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Today, Senate Judiciary Chair Patrick Leahy announced that Judge Jay Bybee, notwithstanding the interviews he has granted to newspapers, has refused the committee’s invitation to appear and explain his role in preparation of the torture memoranda. Leahy observes:
Since Judge Bybee, through his lawyers, has declined to testify before the Committee at this time about his role in the drafting and authorization of memoranda from the Office of Legal Counsel that permitted torture, I can only presume that he has no exonerating information to provide. Judge Bybee must know that the presumption in our civil law is that when a person fails to come forward with information in his possession that is relevant to a matter, it is presumed to be because the information is negative and not helpful to his cause.
Testifying voluntary before the Judiciary Committee about these now-public memoranda is one way in which Judge Bybee could have helped complete the record of what happened and why but he refused. This is especially inappropriate given that Judge Bybee has hardly maintained silence about these matters.
Will the House now open impeachment proceedings? Today at the National Press Club in Washington, I joined in a panel discussion of the impeachment issue with Michael Frisch, Ethics Counsel at Georgetown University Law Center, and Michael Gerhardt, Samuel Ashe Distinguished Professor in Constitutional Law and Director of the Center for Law and Government at the University of North Carolina. Alliance for Justice Director Nan Aron moderated the panel. You can watch it here.
More from Scott Horton:
Conversation — March 30, 2016, 3:44 pm
Joseph Hickman discusses his new book, The Burn Pits, which tells the story of thousands of U.S. soldiers who, after returning from Iraq and Afghanistan, have developed rare cancers and respiratory diseases.
Freddie Gray’s relatives arrived for the trial in the afternoon, after the prep-school kids had left. By their dress, they seemed to have just gotten off work in the medical and clerical fields. The family did not appear at ease in the courtroom. They winced and dropped their heads as William Porter and his fellow officer Zachary Novak testified to opening the doors of their police van last April and finding Freddie paralyzed, unresponsive, with mucus pooling at his mouth and nose. Four women and one man mournfully listened as the officers described needing to get gloves before they could touch him.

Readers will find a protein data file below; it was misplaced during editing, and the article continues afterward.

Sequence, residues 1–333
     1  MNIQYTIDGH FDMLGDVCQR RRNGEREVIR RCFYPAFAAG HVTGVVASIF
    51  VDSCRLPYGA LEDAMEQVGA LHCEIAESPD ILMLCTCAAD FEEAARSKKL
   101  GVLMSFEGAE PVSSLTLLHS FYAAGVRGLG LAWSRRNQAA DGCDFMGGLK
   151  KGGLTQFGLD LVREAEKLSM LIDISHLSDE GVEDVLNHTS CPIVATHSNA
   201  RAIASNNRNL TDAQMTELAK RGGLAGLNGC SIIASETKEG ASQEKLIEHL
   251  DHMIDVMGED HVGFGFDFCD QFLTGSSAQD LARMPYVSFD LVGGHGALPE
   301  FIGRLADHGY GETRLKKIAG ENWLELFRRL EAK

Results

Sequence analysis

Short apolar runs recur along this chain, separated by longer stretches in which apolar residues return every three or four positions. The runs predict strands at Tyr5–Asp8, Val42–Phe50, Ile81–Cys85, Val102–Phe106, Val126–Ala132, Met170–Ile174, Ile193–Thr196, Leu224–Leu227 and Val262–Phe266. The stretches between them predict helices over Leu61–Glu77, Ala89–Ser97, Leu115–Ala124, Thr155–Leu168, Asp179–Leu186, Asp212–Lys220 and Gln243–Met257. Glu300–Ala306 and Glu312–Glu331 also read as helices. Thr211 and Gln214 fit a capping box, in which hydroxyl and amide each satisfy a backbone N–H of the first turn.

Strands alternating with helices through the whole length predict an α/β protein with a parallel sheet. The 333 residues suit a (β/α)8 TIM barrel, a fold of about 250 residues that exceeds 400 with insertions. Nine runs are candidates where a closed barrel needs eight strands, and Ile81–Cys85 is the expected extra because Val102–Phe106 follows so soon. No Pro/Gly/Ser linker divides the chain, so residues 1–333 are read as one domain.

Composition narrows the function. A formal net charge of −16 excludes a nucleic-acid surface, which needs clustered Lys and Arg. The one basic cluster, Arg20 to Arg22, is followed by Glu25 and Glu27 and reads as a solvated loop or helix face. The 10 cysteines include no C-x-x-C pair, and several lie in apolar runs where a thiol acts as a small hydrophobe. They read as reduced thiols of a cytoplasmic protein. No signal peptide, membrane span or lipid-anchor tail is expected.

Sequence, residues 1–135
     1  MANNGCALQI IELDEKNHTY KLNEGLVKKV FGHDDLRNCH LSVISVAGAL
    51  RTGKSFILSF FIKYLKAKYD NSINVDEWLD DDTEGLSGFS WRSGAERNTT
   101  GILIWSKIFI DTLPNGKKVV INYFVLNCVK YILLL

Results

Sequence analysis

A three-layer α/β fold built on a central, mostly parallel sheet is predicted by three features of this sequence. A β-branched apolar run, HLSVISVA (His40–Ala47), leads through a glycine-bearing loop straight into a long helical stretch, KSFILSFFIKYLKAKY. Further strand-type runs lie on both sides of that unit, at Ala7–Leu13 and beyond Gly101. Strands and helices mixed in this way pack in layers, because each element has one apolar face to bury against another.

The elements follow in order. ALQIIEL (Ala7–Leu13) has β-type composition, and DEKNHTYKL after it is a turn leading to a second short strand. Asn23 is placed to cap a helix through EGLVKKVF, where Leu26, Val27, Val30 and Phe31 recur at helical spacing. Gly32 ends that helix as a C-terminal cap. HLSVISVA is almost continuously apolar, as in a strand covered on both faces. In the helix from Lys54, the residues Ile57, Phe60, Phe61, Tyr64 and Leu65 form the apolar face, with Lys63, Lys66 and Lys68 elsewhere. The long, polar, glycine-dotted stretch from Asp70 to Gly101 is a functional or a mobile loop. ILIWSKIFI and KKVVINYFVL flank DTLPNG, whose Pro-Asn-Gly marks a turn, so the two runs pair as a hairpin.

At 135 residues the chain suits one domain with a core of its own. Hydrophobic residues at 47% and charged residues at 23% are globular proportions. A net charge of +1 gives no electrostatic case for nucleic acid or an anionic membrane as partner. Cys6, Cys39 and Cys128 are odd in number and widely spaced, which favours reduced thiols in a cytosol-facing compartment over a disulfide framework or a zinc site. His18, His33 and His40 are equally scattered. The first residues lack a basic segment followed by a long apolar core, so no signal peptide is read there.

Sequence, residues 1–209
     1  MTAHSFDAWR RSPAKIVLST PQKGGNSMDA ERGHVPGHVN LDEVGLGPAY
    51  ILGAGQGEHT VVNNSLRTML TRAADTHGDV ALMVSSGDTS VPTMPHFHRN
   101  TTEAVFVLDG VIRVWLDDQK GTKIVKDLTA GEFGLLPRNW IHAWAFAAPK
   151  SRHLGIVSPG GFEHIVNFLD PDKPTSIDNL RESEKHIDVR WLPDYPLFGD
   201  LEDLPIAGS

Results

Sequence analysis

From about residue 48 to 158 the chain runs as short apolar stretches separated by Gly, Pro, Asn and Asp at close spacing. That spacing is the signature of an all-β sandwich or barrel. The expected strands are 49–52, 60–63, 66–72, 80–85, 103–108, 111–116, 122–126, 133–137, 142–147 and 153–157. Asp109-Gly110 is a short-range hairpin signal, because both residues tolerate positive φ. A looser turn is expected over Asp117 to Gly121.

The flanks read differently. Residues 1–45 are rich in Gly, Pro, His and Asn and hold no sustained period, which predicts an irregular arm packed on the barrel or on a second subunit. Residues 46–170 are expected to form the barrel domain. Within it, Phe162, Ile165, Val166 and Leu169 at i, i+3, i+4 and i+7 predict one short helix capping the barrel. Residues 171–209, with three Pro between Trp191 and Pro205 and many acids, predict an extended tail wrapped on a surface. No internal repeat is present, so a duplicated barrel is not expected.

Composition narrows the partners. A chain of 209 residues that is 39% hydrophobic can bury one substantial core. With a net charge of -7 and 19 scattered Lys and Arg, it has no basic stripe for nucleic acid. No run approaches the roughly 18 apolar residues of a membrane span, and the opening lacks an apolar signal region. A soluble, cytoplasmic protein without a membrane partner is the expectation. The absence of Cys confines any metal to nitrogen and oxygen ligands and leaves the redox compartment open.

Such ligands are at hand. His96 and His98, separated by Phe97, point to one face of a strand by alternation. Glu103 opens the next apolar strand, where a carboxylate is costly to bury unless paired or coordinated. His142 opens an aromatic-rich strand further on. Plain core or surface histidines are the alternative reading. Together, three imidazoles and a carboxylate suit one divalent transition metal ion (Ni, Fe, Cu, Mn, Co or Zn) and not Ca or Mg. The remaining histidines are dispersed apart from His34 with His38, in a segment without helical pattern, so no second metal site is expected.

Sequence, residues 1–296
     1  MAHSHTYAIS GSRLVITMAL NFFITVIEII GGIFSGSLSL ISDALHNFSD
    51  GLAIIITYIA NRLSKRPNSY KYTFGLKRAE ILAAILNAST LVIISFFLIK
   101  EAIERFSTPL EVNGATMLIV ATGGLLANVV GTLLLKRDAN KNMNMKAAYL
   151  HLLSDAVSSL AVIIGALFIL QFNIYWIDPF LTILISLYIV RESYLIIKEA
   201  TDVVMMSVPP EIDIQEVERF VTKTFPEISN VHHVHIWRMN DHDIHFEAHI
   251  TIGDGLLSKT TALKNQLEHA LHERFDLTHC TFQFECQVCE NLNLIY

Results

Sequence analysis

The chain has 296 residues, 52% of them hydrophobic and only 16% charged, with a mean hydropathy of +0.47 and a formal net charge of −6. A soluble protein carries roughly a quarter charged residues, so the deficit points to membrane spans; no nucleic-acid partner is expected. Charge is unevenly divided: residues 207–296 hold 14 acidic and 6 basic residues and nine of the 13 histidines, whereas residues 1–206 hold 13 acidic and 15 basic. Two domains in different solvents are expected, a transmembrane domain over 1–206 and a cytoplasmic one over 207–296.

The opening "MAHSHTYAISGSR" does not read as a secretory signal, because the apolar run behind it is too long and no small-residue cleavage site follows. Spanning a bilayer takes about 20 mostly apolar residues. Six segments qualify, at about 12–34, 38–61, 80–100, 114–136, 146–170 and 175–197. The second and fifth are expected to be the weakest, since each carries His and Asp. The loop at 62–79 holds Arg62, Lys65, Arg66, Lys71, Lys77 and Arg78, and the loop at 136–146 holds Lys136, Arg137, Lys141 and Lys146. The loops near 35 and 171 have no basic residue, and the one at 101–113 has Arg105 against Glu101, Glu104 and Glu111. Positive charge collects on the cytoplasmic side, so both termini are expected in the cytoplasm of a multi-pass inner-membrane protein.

The first of six Baltimore police officers to be brought before the court for their treatment of Freddie Gray, a black twenty-five-year-old whose death in their custody was the immediate cause of the city’s uprising last spring, William Porter is young, black, and on trial. Here in this courtroom, in this city, in this nation, race and the future seem so intertwined as to be the same thing.
Average speed of Heinz ketchup, from the mouth of an upended bottle, in miles per year:
After studying the fall of 64,000 individual raindrops, scientists found that some small raindrops fall faster than they ought to.
The Playboy mansion in California was bought by the heir to the Twinkie fortune, and a New Mexico man set fire to his apartment to protest his neighbors’ loud lovemaking.
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“Matt was happy enough to sustain himself on the detritus of a world he saw as careening toward self-destruction, and equally happy to scam a government he despised. 'I’m glad everyone’s so wasteful,' he told me. 'It supports my lifestyle.'”